February 27, 2018
CPAWS applauds today’s announcement of 1.3 billion dollars over 5 years to protect Canada’s land, freshwater, and wildlife. This unprecedented investment will enable Canada to achieve its commitment to protect at least 17% of our land and freshwater by 2020. To date, Canada has protected 10.6% of our landscape; Manitoba has protected 11% of lands and freshwaters within its borders.
“Today’s historic federal investment in protecting wildlands and wildlife could be a game-changer for nature conservation across Canada, including in Manitoba,” said Ron Thiessen, Executive Director of the CPAWS Manitoba chapter. “Budget 2018 recognizes the scale of the biodiversity crisis we face, the need to move quickly to deliver on our promises, and the need to support efforts by all levels of government, civil society, and other partners to protect our treasured natural heritage.”
For the first time, the federal budget not only allocates funding for federal action on nature conservation but also includes significant support for provinces, territories, and Indigenous governments to work to establish more protected areas, recognizing their jurisdiction over land management in most of the country. This cost-shared model is similar to the approach used to deliver on other shared priorities in Canada, such as infrastructure, climate change mitigation, and health care.
Highlights of Budget 2018 conservation investments include:
$500 million over five years for a new $1 Billion “Nature Fund” to support conservation partnerships and which will leverage funding from other government and non-governmental sources;
$800 million over five years to support:
- New federal protected areas
- Increased capacity for national park management
- Increased capacity to protect species at risk
- Funding to establish a coordinated network of conservation areas working with provincial, territorial and Indigenous partners.
“This is an opportunity for Manitoba to secure much needed funding to support the creation of new protected areas in our province, including proposed protection for important terrestrial polar bear habitat along the Hudson Bay coast and conservation designations in the Fisher Bay region located on the southwest basin of Lake Winnipeg,” says Thiessen. “With this additional support we hope to see accelerated action to protect these and other important natural areas.”
“We are particularly pleased to see funding for Indigenous protected areas. Indigenous governments are leading innovative conservation initiatives across Canada, and we hope this funding will help advance their work Manitoba, which could also contribute to reconciliation between Indigenous and non-Indigenous peoples,” says Thiessen.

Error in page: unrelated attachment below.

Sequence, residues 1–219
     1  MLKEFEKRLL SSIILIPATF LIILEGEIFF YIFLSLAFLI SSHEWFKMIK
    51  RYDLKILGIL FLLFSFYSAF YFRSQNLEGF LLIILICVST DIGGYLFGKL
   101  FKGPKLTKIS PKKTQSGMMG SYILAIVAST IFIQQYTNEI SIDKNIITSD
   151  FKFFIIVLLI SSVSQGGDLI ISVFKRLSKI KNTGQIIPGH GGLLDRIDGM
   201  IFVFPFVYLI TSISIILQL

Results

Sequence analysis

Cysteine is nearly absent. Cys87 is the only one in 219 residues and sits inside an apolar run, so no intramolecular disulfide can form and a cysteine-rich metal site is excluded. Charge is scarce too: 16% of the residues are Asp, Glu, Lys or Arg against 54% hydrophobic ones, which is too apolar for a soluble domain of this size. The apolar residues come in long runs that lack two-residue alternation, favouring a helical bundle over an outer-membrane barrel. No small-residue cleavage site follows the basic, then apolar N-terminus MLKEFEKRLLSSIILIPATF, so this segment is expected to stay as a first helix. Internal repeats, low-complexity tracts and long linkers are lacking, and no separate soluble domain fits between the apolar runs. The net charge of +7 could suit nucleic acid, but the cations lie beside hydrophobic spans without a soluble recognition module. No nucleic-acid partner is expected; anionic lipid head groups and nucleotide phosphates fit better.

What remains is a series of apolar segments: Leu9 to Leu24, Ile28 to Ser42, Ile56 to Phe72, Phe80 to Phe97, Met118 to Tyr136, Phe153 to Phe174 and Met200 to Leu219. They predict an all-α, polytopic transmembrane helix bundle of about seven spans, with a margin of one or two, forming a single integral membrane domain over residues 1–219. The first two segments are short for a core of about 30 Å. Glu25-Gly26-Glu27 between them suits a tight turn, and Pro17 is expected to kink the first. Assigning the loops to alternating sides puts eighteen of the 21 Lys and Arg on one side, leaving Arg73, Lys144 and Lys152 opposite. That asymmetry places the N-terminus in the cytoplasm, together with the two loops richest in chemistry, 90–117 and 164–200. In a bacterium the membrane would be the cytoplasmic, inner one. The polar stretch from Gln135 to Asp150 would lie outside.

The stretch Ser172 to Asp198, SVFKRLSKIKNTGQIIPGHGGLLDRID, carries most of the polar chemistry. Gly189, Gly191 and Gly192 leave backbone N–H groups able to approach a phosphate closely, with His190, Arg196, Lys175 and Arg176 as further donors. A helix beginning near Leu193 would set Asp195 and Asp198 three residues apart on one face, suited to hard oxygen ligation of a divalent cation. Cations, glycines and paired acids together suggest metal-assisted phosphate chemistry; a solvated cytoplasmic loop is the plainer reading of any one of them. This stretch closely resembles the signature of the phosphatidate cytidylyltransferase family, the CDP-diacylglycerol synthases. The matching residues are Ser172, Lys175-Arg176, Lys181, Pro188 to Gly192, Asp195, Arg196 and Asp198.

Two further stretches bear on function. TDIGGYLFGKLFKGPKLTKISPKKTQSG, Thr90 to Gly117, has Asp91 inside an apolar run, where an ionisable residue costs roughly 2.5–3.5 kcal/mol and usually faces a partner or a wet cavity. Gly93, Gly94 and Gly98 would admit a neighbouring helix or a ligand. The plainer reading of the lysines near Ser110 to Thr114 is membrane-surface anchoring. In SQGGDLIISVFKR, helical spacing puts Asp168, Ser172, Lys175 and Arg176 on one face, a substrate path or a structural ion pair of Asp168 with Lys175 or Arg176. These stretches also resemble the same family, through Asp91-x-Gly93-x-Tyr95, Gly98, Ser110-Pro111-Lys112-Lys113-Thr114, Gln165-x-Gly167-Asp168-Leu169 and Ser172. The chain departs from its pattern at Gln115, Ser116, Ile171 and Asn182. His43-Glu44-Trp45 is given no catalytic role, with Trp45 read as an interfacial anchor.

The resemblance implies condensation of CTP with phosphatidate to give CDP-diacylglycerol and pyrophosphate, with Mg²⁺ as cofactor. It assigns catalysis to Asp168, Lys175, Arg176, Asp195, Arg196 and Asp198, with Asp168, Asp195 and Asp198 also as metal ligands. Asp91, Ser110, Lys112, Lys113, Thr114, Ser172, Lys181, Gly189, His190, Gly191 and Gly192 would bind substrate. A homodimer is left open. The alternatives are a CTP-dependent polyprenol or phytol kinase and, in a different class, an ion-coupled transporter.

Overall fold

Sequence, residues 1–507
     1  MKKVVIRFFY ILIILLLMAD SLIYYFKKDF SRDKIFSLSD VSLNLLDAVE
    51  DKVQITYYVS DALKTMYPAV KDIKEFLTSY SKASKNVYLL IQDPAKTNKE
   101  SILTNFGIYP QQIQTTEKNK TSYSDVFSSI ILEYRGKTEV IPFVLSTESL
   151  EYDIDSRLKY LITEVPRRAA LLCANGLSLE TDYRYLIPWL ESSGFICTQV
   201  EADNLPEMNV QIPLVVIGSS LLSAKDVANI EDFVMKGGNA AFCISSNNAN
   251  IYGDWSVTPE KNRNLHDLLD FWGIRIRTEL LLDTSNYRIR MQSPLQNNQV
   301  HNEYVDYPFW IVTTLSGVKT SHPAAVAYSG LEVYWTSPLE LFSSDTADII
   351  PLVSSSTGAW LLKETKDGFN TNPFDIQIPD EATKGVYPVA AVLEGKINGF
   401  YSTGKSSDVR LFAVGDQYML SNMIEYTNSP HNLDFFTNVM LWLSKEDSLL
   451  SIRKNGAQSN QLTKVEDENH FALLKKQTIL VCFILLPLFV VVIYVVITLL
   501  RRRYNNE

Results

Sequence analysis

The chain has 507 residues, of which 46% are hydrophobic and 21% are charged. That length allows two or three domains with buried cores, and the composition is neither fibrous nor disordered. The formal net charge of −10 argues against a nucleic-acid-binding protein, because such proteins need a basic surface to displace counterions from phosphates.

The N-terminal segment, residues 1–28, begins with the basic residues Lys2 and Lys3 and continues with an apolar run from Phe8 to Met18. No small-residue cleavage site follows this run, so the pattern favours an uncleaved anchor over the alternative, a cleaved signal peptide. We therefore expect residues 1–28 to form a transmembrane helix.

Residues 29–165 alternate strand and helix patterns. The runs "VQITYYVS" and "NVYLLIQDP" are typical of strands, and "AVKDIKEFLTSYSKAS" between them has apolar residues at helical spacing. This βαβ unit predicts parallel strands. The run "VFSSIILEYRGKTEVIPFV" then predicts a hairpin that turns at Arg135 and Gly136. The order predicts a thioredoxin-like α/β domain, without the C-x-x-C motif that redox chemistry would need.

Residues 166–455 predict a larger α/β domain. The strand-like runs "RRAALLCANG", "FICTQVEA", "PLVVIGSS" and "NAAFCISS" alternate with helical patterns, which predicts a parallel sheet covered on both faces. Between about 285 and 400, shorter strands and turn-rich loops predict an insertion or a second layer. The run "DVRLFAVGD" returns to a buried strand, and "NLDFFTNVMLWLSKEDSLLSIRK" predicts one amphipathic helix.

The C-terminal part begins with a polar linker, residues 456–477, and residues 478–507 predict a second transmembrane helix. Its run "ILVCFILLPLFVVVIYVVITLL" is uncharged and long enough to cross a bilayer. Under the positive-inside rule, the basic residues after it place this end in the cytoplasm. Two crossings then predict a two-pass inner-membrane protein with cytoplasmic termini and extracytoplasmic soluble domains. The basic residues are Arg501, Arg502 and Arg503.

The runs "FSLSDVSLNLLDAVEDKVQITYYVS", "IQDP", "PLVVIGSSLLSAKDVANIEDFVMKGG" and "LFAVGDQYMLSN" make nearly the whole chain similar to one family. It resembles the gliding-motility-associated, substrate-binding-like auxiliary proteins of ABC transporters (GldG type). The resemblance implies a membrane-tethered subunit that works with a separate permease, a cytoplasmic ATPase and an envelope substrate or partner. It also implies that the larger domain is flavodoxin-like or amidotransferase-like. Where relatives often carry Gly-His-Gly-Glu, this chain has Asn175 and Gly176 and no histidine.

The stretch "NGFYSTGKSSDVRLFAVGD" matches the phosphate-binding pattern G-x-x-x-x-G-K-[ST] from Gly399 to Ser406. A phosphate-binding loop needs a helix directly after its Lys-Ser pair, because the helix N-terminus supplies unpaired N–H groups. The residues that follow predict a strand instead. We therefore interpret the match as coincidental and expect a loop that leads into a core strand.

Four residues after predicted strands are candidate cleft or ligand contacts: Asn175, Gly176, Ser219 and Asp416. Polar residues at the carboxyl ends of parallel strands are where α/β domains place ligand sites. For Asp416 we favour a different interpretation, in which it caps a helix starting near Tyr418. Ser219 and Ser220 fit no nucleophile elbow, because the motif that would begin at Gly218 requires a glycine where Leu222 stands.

“We thank the federal government for listening to the recommendations made by CPAWS and our environmental partners in the Green Budget Coalition,” said Alison Woodley, CPAWS’ National Conservation Director, “and we deeply appreciate the efforts of many thousands of Canadians who wrote to the Finance Minister, and of the 116 parliamentarians who signed an open letter supporting our recommendations. Today’s investment confirms how much Canadians care about this issue and shows that raising our collective voice truly works!”
In 2010, Canada and other signatories to the UN Convention on Biological Diversity (CBD)endorsed a strategic plan to reverse a global biodiversity crisis, including a commitment to protect at least 17% of land and inland waters and 10% of ocean areas by 2020. The CBD was signed in 1992 alongside the UN Convention on Climate Change, recognizing the need to jointly tackle these two critical environmental challenges. Last year the federal government invested in a Pan-Canadian Climate Plan. This year’s investment will support a parallel pan-Canadian effort to protect biodiversity.
In February 2017, federal, provincial, and territorial governments launched the “Pathway to Canada Target One”, a process through which they are working with Indigenous peoples, civil society, and other partners to develop a plan to deliver on Canada’s international land and freshwater protection target. This Budget 2018 funding is critical to support implementation of this collaborative work.
“Investing in protected areas will conserve Canada’s wildlife, water, and wilderness, provide more protected spaces for healthy outdoor activities, and create jobs in communities across the country by growing sustainable nature and culture-based tourism economies,” says Woodley. “This is an investment in the future of our country, which will deliver huge returns.”
The Canadian Parks and Wilderness Society (CPAWS) is Canada’s only nationwide charity dedicated solely to the protection of our public land and water, and ensuring our parks are managed to protect the nature within them. In the past 50+ years, we’ve played a lead role in protecting over half a million square kilometres – an area bigger than the entire Yukon Territory! Our vision is to protect at least half of our public land and water so that future generations can benefit from Canada’s irreplaceable wilderness.